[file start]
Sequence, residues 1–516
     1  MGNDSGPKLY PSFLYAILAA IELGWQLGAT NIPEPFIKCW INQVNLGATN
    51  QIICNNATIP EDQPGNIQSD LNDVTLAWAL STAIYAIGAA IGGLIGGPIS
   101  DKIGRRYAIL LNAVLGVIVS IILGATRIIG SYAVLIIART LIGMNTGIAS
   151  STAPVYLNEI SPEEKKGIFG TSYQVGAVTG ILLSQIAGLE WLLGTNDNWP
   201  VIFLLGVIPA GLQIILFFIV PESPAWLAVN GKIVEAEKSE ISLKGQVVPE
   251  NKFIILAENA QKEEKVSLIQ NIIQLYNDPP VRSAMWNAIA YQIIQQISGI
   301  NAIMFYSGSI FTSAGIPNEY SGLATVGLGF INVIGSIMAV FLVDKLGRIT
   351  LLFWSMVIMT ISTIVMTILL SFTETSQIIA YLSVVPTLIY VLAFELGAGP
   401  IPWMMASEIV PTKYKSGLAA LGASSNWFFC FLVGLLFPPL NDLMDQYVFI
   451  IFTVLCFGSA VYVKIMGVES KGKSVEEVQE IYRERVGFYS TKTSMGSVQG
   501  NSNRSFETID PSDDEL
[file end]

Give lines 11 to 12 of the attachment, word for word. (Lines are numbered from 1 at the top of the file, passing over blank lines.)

   451  IFTVLCFGSA VYVKIMGVES KGKSVEEVQE IYRERVGFYS TKTSMGSVQG
   501  NSNRSFETID PSDDEL